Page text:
Técnico Geoscience Museums participate in two interdisciplinary exhibitions: Lisbon Museum – Roman Theater and National Society of Fine Arts - Gallery of Modern Art
Catarina Marto and Raquel Pedro
National Society of Fine Arts - Gallery of Modern Art
Rua Barata Salgueiro, 36 (Lisbon)
Nov 24 - Dec 30 2020
Collaboration with Técnico Geoscience Museums and Institut Français Portugal
The exhibition “Planta Pedra” (Stone Plant) brings together a set of works carried out between April 2019 and March 2020 during an artistic residency that took place in the Geosciences Museums of the Instituto Superior Técnico de Lisboa.
Karst, geomorphology, plant fossilization, Carboniferous, cartography, were some of the starting points for the artistic development presented. The scientific work of Ernest Fleury (1878-1958), Técnico's first professor of Geology, takes on a new dimension, where the mineral and vegetal separation is blurred, as presented in the text "Vital Exchanges" by Michael Marter
Archaeology of Rua da Saudade. A Roman Temple (?) in the City
Organization Museu de Lisboa — Teatro Romano / EGEAC
Collaboration with Técnico Geoscience Museums, FCUL, LARC, LNEG-Geological Museum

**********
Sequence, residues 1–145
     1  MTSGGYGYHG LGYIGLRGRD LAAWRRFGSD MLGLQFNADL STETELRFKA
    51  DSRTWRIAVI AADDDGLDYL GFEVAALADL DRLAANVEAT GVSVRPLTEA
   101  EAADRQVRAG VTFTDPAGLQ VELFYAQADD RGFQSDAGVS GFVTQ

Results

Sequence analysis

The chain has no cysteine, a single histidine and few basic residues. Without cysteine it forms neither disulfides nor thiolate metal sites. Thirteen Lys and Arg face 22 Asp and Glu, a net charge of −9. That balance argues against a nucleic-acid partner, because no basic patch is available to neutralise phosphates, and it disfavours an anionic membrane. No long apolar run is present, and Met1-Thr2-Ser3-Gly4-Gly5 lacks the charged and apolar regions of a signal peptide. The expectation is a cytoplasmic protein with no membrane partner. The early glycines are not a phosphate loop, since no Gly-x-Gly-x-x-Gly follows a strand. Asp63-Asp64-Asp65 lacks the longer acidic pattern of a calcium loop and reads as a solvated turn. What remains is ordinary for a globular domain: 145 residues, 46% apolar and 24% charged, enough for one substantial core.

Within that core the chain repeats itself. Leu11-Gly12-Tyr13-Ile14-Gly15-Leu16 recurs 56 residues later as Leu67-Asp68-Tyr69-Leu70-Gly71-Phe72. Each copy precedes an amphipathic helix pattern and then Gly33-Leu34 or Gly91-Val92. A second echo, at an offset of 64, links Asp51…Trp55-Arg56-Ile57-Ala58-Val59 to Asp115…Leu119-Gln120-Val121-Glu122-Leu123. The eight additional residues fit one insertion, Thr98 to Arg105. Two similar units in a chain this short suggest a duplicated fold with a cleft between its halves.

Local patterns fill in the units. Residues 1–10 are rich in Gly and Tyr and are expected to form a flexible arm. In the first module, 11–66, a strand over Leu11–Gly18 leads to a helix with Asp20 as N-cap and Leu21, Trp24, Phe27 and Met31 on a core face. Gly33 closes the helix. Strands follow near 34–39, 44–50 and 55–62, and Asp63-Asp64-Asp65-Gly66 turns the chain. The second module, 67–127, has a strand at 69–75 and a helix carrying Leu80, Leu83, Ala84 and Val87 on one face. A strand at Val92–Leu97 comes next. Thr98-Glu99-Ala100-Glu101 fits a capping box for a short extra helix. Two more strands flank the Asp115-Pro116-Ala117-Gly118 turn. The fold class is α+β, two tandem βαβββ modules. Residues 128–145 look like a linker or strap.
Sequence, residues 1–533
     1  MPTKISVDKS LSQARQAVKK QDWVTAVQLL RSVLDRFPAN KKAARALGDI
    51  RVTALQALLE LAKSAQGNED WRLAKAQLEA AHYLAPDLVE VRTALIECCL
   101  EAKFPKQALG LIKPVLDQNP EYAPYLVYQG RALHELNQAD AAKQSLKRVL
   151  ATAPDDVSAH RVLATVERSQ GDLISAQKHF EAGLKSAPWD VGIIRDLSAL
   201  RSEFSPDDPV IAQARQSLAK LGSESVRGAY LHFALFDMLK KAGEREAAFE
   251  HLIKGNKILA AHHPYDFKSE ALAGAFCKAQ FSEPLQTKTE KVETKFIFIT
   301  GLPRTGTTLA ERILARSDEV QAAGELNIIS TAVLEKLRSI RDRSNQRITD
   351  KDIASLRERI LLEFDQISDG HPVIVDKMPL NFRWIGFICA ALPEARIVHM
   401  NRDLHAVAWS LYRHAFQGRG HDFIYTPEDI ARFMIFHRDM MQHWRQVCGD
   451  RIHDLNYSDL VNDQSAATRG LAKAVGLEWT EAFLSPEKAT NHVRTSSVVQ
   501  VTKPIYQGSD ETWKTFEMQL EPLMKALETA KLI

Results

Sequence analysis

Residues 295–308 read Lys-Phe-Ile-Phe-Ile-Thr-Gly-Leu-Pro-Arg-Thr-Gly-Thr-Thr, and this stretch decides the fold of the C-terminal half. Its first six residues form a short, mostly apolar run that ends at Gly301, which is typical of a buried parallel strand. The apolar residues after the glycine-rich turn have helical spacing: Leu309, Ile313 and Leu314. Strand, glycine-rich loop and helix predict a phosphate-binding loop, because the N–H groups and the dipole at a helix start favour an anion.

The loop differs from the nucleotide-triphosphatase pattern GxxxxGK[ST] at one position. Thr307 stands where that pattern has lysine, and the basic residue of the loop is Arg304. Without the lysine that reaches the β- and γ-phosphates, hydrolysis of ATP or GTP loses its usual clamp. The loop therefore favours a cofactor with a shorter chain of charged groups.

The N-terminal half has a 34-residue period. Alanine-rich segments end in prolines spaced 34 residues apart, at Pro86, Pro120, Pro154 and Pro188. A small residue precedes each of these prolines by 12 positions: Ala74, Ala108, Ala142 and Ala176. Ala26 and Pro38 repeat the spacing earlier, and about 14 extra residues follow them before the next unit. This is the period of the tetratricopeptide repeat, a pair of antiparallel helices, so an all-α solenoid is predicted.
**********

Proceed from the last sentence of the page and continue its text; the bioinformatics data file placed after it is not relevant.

Oct 15 2020– Feb 28 2021, This exhibition is the product of an archaeological survey carried out in 2019 on the ground floor of a building located in Rua da Saudade, next to the Roman Theatre of Lisbon.
Based on the identified structures and the recovered finds, the exhibition aims to illustrate the contributions of archaeology to the knowledge of the ancient city. Bringing together several experts, the many evidences were analyzed and its conclusions allow to retrace the history of what migth have been a Roman temple in the city of Felicitas lulia Olisipo.
An archaeological excavation always provides an abundant volume of information: stones, ceramics, bone, metal...
To interpret the recovered data, researchers from different specialties come together with contributions in their areas of knowledge. Again, this was also the case of Rua da Saudade, where, in addition to the archaeologists who carried outthe intervention and interpreted the structures and the recovered artefacts, it was also possible to count with the important contributions ofateamof geologists who identified and studied the many stone elements and and biologists who studied the collected faunal remains such as bones, shells or fishes.
The analysis of all this data provided information about the identified Roman building and many other aspects of the ancient roman city of Lisbon.
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